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## Re: [Amps] "Conventional" current flow

 To: "'Jim Garland'" <4cx250b@miamioh.edu>, "'Mike Waters'" , Re: [Amps] "Conventional" current flow "Jerry O. Stern" Sat, 19 Nov 2016 15:38:31 -0500 mailto:amps@contesting.com>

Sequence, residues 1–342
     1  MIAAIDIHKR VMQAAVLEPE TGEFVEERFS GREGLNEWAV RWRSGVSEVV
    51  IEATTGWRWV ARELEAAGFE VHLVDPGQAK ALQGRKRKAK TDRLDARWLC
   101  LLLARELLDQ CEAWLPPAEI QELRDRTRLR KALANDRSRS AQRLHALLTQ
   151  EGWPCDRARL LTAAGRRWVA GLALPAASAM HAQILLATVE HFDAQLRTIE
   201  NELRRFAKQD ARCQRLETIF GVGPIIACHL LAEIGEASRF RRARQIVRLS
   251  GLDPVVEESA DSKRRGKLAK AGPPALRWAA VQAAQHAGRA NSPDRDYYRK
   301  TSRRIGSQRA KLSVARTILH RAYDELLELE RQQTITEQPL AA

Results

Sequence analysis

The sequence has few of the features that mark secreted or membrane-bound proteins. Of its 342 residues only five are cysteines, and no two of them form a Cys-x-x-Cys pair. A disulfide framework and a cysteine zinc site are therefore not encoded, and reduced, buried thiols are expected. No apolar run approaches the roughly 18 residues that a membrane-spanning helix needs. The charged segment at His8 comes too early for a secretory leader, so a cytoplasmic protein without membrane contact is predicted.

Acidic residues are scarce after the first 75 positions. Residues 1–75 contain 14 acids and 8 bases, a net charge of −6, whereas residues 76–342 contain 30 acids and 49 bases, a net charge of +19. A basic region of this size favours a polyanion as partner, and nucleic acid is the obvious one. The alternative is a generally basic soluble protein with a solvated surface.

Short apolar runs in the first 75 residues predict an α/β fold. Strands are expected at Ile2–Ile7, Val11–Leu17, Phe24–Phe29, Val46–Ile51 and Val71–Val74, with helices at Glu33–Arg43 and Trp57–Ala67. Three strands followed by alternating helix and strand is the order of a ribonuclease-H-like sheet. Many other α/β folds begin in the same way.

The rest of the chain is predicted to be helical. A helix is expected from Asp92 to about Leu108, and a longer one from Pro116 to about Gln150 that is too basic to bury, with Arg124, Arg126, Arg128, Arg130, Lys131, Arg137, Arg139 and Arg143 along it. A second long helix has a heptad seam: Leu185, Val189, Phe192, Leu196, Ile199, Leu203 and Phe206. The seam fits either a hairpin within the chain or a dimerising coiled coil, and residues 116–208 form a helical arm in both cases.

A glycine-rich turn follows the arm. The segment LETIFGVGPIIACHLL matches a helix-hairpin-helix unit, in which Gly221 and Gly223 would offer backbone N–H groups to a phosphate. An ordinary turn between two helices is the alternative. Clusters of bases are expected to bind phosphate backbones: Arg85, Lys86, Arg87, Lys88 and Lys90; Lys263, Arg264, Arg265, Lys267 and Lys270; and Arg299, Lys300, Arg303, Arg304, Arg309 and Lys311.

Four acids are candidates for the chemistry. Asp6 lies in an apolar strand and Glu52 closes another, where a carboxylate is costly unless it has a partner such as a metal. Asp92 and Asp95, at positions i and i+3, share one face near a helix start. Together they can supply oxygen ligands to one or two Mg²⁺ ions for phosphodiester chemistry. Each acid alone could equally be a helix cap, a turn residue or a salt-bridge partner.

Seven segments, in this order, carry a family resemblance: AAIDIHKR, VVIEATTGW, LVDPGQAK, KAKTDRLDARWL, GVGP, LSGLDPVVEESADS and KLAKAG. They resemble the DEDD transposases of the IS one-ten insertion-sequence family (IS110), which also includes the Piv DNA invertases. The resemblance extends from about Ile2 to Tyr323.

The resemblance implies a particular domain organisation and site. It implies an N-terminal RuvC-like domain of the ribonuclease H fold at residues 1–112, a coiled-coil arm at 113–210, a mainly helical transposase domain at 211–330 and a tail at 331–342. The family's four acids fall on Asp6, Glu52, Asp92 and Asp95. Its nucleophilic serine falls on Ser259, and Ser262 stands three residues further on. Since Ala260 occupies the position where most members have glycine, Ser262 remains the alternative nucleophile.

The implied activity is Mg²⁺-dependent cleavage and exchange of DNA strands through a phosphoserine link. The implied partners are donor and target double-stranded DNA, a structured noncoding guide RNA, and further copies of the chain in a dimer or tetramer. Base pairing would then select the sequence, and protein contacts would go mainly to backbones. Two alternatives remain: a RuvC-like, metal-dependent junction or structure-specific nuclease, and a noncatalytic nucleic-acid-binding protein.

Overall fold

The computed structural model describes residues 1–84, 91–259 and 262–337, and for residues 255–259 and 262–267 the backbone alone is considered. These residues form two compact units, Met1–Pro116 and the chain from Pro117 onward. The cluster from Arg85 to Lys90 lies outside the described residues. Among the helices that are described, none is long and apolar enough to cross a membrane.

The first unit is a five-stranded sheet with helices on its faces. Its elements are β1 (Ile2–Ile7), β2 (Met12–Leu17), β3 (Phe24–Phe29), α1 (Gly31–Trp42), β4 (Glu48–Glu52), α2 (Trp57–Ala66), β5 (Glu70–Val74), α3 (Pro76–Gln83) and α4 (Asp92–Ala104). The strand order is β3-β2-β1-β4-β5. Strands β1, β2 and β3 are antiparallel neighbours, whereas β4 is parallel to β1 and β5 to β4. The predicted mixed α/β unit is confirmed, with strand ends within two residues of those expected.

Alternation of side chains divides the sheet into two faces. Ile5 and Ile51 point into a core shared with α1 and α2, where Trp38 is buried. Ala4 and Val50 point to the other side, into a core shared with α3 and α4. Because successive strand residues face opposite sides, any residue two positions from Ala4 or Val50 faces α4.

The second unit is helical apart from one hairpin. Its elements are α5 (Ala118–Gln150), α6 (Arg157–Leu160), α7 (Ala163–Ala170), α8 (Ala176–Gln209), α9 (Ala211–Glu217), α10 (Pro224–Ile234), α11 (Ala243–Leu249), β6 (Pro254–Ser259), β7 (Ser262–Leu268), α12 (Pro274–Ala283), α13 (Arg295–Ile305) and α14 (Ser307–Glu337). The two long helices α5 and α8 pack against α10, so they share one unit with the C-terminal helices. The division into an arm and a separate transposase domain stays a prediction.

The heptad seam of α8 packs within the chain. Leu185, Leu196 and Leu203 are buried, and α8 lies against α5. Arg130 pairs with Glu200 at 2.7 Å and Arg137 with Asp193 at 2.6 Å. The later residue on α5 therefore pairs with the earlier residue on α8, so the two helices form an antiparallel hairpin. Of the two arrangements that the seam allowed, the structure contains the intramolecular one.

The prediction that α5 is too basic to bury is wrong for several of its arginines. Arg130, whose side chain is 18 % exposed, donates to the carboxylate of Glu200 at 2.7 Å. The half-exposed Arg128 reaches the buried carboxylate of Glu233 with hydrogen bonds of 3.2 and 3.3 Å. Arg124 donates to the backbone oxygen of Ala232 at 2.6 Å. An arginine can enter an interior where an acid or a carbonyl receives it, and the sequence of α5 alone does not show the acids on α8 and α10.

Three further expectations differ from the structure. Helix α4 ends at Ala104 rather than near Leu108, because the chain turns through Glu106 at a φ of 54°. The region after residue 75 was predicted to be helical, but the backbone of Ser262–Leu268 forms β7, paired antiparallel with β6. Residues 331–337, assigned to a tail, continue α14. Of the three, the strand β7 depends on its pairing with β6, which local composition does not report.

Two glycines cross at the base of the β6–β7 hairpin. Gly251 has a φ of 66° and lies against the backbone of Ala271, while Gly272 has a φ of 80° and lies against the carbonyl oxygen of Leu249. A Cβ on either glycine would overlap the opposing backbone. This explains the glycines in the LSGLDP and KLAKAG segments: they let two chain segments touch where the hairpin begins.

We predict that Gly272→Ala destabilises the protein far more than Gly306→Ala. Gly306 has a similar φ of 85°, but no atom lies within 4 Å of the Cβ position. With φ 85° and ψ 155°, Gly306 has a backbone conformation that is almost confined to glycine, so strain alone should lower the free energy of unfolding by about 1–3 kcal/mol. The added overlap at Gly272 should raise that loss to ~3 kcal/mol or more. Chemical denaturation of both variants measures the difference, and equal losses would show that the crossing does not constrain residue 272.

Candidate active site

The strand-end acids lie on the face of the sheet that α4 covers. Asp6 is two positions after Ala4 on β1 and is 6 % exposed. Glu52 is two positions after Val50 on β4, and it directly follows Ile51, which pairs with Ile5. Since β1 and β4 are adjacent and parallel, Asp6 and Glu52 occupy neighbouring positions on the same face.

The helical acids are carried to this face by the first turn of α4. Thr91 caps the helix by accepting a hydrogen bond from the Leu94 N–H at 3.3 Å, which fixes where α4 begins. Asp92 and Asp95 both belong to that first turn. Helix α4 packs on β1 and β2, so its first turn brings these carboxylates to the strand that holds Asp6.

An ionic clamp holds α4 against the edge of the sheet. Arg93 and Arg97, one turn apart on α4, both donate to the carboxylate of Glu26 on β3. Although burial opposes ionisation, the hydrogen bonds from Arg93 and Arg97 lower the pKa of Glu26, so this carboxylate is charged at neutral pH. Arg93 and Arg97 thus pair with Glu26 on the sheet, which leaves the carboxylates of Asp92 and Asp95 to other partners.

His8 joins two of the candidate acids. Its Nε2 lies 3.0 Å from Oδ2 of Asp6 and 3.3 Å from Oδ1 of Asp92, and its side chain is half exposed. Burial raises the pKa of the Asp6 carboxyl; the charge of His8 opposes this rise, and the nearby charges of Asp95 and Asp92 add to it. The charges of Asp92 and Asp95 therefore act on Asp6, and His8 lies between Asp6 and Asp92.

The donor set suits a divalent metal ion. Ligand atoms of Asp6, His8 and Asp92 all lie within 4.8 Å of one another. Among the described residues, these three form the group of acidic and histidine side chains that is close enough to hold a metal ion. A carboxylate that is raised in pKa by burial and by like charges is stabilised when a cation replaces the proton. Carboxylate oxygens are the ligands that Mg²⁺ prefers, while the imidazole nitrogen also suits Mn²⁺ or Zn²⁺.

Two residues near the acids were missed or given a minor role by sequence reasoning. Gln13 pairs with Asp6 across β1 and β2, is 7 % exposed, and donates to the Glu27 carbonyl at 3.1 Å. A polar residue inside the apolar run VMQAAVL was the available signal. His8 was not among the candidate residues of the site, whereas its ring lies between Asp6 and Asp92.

```Hi Jim Great explanation as always. So if "flow" is a mathematical construct, in the early days of modern electricity why did the great fathers arbitrarily pick current flow opposite of electron movement? Couldn't they have reversed it and maintained the concept at least wrt electrons while maintaining the same mathematical construct of ignoring the sign of the charges? It just seems like an unnecessary non-intuitive notation was introduced to throw off the non-physicist. 73 Jerry NY2KW (ex-K1JOS) -----Original Message----- From: Amps [mailto:amps-bounces@contesting.com] On Behalf Of Jim Garland Sent: Thursday, November 17, 2016 12:17 AM To: 'Mike Waters'; amps@contesting.com Subject: Re: [Amps] "Conventional" current flow Hi Mike, Let me give you the simple, direct answer to your question, and then I will give you the more complicated answer that's closer to being correct. In a vacuum tube, the only things that move between the cathode and the anode are electrons, and these move only in one direction, which is toward the anode. There's nothing else moving inside the tube. Note I used the word "move," rather than "flow," because if we have only, say, one electron or a small number of them, then it doesn't make sense to talk about a flow. A single electron is just a moving charge, it's not a flow of anything. A "flow" always represents the aggregate motion of a large number of things. Now, what about electric current? Unlike a moving charge, current is always represented as a flow of something. Current flows, it doesn't make sense to speak of current moving. Now, here's the important point. Electric current is an abstract concept. It's not a real substance. You can take an electron and weigh it on a scale (in principle!). You can't weigh current, because current is an idea, not a material thing. Using the language of physics, one would say that current represents the impact of moving charges, but is not the charges themselves. So, in a vacuum tube, electrons move from cathode to anode. The current flow, which is in the reverse direction, isn't a real substance. It's just a useful mathematical way of representing the aggregate effect of the moving electrons. The reason current is so useful is because it allows us to ignore the sign of the charges whose impacts we're describing. It doesn't matter whether the charges are negative, like electrons, or positive, like holes, or a mix of the two. Once you've characterized the impact of the charges as a flow of current, you've learned most everything useful about them. Here's another example. We know that a variable capacitor passes an alternating RF current. But we also know that no charge actually travels between the capacitor plates. So the current flows between the plates, even though no real particle is moving between them. The abstract idea of RF current flowing through the capacitor is just a useful mathematical way of describing the alternate charging and discharging of the capacitor plates. The universe is an extremely subtle place, and our intuition about it is frequently wrong. When an apple falls from a tree, we say that the gravitational force is pulling it down. But in fact gravity isn't really a force. Einstein showed it is just a distortion of space caused by the mass of the earth. Another example: We learn in high school that a hydrogen atom is a negative electron bound to a positive proton, because unlike charges attract each other. But that's not really true. What really happens is that photons pop into existence and are exchanged between the electron and proton and then disappear. (In physics, these are known as the quanta of the electromagnetic field.) And if that isn't strange enough for you, these photons spend part of their short life changing momentarily into electrons and positrons. These are called "virtual" charges because they're so short-lived, and what's especially interesting is that the mass of these virtual charges is greater than the ma ss of the photons that created them, thus momentarily violating the conservation of energy. And that's just for starters. Probe more deeply, and things get really, really odd. A vacuum is not an empty space where nothing happens. Particles can pop into existence out of empty space, and then after a short time pop out of existence. (In physics this effect is called the fluctuation of the vacuum state.) So the bottom line is that we shouldn't be troubled by abstract ideas like electric current. Most everything we know about the world is an abstraction of some sort. Instead, we should be grateful that the universe, despite its enormous complexity and subtlety, allows us to simplify its rules into stripped down descriptions that our small brains can understand and that let us do useful things, like build vacuum tubes. 73, Jim W8ZR From: Mike Waters [mailto:mikewate@gmail.com] Sent: Wednesday, November 16, 2016 08:15 PM To: Jim Garland Cc: amps@contesting.com Subject: Re: [Amps] "Conventional" current flow I just have one more question. Before I ask it, I need to make clear that my previous questions were based solely on current flow in vacuum tubes. Not wires, not semiconductors, etc. ONLY vacuum tubes. What --if anything-- is flowing from the anode to the cathode while electrons are flowing from a heated cathode to the anode? ARE THERE "CHARGE CARRIERS" (or anything else that's real and tangible) SIMULTANEOUSLY FLOWING FROM THE ANODE TO THE CATHODE, while the electrons are flowing from the hot filament to the plate?? Respectfully, Mike www.w0btu.com _______________________________________________ Amps mailing list Amps@contesting.com http://lists.contesting.com/mailman/listinfo/amps _______________________________________________ Amps mailing list Amps@contesting.com http://lists.contesting.com/mailman/listinfo/amps ```